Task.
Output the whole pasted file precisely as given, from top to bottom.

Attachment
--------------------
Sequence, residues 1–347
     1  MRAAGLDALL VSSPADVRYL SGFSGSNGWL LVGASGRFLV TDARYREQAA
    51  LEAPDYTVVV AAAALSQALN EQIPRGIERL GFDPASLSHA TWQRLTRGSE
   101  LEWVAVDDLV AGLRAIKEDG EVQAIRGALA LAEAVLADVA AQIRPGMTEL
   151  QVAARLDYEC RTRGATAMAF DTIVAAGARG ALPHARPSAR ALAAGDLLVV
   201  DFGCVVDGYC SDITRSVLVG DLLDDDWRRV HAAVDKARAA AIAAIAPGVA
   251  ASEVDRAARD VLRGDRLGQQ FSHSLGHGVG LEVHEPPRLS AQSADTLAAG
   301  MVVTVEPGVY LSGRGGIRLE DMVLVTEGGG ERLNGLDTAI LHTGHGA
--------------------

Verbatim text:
Sequence, residues 1–347
     1  MRAAGLDALL VSSPADVRYL SGFSGSNGWL LVGASGRFLV TDARYREQAA
    51  LEAPDYTVVV AAAALSQALN EQIPRGIERL GFDPASLSHA TWQRLTRGSE
   101  LEWVAVDDLV AGLRAIKEDG EVQAIRGALA LAEAVLADVA AQIRPGMTEL
   151  QVAARLDYEC RTRGATAMAF DTIVAAGARG ALPHARPSAR ALAAGDLLVV
   201  DFGCVVDGYC SDITRSVLVG DLLDDDWRRV HAAVDKARAA AIAAIAPGVA
   251  ASEVDRAARD VLRGDRLGQQ FSHSLGHGVG LEVHEPPRLS AQSADTLAAG
   301  MVVTVEPGVY LSGRGGIRLE DMVLVTEGGG ERLNGLDTAI LHTGHGA